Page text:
Currently the green bond market is dominated by euro-denominated bonds, but this could change under US President Biden. “Biden’s commitment to rejoining the Paris agreement when he is inaugurated symbolises a broader transformative shift in climate policy”, said Bram Bos, lead porfolio manager at NN Investment Partners. “The Biden administration will invest heavily in sustainable infrastructure and clean energy, which could lead to an inaugural green US Treasury issue and further boost the global green bond market.”

Bos thinks Biden’s climate and environmental justice proposal equates to federal investment of $1.7 trillion over the next decade with additional private sector, state and local investments set to take the total to more than $5 trillion.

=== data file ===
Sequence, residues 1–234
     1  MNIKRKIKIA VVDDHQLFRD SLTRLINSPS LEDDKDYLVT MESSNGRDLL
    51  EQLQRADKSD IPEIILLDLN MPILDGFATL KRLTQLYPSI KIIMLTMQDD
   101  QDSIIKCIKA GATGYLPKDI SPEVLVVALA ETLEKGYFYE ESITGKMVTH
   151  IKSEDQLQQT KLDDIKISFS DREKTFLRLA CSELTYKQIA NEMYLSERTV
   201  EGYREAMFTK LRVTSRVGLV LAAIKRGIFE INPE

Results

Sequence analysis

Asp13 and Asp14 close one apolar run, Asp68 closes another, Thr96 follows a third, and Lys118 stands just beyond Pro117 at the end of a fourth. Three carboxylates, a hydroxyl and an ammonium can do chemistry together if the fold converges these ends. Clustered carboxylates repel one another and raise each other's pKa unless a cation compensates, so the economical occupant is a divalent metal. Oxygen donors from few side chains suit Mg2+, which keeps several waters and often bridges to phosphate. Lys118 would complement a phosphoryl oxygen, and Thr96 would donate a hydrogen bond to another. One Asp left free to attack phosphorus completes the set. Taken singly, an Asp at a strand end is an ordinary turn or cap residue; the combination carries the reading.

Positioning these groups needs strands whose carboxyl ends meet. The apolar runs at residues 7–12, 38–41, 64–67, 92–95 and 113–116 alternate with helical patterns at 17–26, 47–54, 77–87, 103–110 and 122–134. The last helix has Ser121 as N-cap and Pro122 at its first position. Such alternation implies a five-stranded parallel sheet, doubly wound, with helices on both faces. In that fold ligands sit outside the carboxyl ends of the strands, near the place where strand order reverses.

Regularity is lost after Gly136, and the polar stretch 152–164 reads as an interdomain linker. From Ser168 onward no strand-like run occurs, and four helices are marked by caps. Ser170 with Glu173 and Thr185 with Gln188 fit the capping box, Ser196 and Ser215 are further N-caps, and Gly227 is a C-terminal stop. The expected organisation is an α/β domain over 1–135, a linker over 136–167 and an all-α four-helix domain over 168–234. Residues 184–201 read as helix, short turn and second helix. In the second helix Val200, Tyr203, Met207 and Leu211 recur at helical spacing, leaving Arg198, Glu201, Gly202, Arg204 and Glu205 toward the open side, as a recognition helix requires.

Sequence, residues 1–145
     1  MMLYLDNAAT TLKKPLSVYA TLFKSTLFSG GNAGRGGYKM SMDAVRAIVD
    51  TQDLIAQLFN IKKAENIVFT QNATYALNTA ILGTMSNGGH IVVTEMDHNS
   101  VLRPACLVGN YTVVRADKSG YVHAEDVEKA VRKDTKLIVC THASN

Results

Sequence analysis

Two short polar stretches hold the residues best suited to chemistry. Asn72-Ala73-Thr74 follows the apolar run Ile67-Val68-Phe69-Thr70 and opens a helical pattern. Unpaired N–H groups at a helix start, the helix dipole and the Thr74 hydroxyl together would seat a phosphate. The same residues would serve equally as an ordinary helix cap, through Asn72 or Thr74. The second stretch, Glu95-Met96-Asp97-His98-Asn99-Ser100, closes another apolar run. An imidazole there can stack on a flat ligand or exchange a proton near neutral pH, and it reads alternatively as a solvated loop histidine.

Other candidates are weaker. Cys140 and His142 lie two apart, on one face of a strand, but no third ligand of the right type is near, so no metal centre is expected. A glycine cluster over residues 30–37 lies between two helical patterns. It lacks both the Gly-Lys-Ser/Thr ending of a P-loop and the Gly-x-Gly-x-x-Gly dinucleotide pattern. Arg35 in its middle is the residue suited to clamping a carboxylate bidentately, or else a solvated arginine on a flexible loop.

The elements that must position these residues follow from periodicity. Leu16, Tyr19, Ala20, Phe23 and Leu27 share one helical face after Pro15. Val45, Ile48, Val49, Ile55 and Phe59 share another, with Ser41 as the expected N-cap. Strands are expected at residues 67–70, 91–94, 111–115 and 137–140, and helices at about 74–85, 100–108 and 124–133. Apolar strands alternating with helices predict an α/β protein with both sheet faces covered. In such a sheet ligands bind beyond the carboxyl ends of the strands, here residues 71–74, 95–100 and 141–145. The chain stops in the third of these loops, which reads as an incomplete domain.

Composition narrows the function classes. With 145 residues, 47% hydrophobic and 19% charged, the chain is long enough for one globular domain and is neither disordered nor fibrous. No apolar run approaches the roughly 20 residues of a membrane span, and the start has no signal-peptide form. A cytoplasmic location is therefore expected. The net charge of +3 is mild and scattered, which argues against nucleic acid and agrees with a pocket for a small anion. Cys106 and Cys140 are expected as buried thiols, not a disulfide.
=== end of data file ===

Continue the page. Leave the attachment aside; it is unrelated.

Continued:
“The need to fund these investments will be a pivotal opportunity for the US to enter the green bond market as a sovereign issuer”, adds Bos. “This could prompt other governments worldwide to follow, sparking significant growth in the global green bond market.”

What Are the Options for Fund Investors?

European investors can choose from 51 open-end mutual funds and five exchange-traded funds (ETFs) specialising in green bonds (eight of which were launched this year). These products manage at the end of November 2020 a total of €14 billion and attracted €6.4 billion of net inflows in the first eleven months of the year.

The most important in terms of assets is the iShares Green Bond Index fund, which has €2.4 billion in assets. This table shows the the performance of green bond funds available in the UK, ranked according to their Morningstar Sustainability Rating.

Green bond funds

Quality not Quantity